1 Tribune Co.
Owner Sam Zell's expletive-laced antics and zany staff-wide memos are only a part of the Tribune Co.'s bad public image. Now that it has filed for bankruptcy, it will have to work that much harder to turn its reputation around.
2 The New York Times
After Tribune filed for bankruptcy earlier this month, media watchers wondered if The New York Times was next. The same week as Tribune's disclosure, the Times talked about some financial problems of its own. The paper said it would borrow up to $225 million against its Manhattan headquarters.
3 Time Inc.
Although the media brands that are issuing pink slips and buyout offers to employees are far too numerous to list here, Time Inc. had one of the biggest 2008 bloodlettings, announcing the cut of about 600 positions and the folding of some publications completely.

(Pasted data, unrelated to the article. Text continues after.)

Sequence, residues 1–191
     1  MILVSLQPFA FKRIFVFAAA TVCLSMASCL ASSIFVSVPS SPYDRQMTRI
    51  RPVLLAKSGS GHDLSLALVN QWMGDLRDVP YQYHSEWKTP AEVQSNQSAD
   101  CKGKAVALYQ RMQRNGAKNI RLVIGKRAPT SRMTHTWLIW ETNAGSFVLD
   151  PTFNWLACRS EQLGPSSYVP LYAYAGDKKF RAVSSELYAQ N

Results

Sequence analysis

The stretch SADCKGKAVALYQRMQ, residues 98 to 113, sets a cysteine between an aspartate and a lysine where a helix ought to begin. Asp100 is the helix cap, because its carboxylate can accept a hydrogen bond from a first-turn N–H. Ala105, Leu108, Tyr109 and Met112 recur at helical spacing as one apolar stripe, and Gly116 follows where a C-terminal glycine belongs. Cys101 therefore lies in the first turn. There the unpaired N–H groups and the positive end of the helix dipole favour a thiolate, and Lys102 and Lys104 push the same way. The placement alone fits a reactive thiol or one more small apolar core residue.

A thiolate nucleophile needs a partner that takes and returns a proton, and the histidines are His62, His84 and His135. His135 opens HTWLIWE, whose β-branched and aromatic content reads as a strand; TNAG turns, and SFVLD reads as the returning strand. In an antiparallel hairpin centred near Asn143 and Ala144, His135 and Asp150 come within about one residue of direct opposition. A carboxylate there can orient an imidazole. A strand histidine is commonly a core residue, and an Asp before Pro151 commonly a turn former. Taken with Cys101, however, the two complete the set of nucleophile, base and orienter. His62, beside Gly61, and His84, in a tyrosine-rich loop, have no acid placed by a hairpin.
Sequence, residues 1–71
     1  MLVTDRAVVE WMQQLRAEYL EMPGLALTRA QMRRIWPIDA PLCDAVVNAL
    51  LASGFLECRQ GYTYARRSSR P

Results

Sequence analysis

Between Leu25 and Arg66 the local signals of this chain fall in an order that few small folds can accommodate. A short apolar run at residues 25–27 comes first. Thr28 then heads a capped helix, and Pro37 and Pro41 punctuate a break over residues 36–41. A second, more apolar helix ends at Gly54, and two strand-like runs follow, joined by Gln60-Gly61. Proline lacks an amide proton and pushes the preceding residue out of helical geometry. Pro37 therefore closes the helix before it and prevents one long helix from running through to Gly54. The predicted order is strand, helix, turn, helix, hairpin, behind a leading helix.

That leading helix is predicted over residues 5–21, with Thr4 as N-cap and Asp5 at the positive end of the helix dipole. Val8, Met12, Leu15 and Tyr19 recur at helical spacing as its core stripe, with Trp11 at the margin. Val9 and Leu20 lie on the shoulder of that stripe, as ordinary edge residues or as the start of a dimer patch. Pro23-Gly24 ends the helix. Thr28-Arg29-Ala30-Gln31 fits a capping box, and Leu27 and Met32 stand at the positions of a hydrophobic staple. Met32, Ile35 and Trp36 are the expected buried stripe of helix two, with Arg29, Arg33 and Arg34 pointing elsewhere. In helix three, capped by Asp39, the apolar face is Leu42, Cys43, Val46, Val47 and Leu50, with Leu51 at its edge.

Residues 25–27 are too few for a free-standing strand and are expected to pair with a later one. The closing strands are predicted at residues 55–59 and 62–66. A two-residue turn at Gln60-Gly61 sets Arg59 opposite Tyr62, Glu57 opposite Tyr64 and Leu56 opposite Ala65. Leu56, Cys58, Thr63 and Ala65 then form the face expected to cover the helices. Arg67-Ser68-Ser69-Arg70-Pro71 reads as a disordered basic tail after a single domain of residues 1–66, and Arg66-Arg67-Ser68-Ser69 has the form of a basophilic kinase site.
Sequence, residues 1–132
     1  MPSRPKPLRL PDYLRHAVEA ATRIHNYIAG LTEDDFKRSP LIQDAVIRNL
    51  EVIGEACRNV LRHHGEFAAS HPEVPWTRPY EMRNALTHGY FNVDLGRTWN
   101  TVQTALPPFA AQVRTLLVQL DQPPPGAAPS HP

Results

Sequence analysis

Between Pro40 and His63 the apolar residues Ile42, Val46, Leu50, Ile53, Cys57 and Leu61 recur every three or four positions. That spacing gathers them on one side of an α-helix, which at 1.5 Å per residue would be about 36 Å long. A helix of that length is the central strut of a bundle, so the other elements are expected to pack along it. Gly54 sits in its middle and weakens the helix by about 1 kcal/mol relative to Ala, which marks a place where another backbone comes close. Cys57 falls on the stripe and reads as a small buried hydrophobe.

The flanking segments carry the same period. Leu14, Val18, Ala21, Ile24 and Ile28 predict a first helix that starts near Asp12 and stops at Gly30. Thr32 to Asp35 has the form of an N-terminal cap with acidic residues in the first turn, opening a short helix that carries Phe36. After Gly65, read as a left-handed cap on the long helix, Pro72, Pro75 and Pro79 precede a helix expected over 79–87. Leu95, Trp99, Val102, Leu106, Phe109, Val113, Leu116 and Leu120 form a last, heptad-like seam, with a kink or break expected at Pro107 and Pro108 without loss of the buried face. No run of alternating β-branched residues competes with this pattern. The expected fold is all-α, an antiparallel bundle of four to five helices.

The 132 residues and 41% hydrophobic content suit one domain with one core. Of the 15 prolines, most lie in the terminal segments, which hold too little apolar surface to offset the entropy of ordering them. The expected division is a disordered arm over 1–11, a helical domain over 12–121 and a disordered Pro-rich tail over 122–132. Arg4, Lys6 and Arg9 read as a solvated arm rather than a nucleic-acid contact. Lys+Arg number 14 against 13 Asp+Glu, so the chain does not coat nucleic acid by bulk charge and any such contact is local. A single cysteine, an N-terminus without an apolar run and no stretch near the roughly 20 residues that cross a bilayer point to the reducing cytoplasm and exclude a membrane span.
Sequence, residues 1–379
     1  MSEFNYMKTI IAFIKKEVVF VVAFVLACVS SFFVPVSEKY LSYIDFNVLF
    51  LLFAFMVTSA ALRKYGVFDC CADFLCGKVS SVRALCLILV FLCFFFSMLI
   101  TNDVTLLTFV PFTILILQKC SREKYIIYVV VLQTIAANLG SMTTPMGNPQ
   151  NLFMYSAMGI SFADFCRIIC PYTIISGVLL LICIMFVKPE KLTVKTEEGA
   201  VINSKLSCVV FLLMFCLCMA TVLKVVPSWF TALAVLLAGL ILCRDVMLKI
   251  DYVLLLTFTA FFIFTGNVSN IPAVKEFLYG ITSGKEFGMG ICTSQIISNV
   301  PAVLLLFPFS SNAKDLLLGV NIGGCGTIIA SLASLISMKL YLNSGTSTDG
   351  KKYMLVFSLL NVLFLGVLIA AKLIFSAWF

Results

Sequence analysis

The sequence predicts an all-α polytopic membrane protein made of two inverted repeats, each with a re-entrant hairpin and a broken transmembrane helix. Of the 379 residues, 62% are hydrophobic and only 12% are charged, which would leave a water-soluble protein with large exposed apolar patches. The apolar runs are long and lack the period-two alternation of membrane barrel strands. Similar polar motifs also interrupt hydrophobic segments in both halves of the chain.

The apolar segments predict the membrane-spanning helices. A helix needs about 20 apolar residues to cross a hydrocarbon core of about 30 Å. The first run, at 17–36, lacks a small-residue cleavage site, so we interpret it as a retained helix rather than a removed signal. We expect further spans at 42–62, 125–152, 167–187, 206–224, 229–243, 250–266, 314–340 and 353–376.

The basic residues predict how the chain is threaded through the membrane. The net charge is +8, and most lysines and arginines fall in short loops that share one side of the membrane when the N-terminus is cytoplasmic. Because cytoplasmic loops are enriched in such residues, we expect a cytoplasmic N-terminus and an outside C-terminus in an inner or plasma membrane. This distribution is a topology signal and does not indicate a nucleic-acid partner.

4 The Associated Press
The Associated Press' reported 10% cut of its total workforce is only one concern on the organization's plate. The AP is seeing its clout as one of the most respected media organizations flounder as more newspapers and chains pull out of their agreements for financial reasons.
5 US News & World Report
Publisher Mortimer Zuckerman's magazine only plans to print monthly, after downgrading to a twice-monthly schedule earlier this year. The magazine is looking for its footing as it struggles to find a niche not covered by Newsweek, Time, and other politically charged competitors.